I believe it depends on the interpretation of the act. The winners write history and justify the means used to achieve a successful end.
For example, if a group of thieves pulls off a successful diamond heist and they walk away with 100 million dollars, move to Brazil, and live in the sun for the rest of their lives, then yes, to them, the ends justifies the means. To them, the fact that they may have cost many other people a livelihood has nothing to do with it.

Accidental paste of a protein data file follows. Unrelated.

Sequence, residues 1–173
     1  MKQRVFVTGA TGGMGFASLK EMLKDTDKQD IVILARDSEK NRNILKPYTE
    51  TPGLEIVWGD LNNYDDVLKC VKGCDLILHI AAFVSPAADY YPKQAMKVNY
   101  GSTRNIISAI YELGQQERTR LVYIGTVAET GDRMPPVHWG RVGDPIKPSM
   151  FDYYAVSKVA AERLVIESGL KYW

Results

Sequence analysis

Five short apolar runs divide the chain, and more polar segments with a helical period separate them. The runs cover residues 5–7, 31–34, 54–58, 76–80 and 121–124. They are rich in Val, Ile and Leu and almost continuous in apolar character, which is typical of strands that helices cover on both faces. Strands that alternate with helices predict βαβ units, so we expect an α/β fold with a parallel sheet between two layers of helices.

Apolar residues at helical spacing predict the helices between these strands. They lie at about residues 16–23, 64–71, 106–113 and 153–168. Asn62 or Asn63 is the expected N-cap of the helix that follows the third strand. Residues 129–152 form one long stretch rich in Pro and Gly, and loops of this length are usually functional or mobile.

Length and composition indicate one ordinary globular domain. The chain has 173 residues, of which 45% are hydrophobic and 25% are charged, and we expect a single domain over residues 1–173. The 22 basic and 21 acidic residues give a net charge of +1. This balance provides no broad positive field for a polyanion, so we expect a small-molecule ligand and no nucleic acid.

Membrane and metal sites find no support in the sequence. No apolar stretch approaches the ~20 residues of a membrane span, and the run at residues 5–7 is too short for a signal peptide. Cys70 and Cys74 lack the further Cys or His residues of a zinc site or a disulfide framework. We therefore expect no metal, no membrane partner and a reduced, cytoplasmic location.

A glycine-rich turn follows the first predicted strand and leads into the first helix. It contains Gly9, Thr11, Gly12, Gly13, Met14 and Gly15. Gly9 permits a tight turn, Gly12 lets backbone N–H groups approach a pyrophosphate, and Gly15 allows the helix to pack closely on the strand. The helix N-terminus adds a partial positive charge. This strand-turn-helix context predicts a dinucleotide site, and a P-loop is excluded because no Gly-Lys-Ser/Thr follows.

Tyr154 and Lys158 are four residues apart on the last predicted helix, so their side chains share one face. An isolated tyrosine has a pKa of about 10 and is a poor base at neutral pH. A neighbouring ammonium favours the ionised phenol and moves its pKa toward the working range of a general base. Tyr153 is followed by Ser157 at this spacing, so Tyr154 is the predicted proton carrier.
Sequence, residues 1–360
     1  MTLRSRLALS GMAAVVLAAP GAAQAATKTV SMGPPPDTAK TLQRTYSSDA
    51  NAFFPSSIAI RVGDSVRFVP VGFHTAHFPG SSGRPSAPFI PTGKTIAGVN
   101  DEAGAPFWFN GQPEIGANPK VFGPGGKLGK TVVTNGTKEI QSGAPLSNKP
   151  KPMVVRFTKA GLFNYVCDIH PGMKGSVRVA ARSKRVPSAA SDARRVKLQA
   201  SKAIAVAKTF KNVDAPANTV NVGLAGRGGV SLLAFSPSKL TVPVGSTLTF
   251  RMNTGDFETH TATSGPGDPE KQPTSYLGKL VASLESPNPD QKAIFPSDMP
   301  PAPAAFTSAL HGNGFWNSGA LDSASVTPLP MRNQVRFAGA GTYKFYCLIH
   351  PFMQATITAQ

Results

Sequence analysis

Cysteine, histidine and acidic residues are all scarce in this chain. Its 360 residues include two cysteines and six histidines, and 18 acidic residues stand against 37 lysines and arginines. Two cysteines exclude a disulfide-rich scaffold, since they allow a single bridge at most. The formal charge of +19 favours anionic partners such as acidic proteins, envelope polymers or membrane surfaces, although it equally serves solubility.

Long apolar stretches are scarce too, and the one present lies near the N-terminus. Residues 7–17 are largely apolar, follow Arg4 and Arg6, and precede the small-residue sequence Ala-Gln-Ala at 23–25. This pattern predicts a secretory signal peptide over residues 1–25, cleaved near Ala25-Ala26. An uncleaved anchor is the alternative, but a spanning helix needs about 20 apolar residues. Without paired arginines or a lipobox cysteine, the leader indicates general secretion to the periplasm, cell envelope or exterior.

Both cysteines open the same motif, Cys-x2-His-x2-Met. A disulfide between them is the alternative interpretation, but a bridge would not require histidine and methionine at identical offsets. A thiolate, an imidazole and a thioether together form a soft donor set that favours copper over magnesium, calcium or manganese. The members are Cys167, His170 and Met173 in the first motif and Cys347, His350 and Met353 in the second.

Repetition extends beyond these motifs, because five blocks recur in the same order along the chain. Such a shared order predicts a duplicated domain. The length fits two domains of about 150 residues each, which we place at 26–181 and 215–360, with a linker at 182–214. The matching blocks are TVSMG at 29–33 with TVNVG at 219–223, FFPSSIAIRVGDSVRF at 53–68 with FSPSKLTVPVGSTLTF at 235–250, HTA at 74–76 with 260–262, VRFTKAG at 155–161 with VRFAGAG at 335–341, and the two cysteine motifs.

However, if they same group gets caught, then those who caught them will say that end itself and the means employed during the robbery were wrong.
Another example: A guy sets up a coworker, planting false, damning documents in the coworker's desk, then notifies the boss of the documents. Coworker gets fired and the guy gets the coworker's higher-paying job. When the guy's family is able to move from their cramped apartment to a bigger home and the guy is able to put away money into his children's college funds, then, for him, the ends definitely justified the means.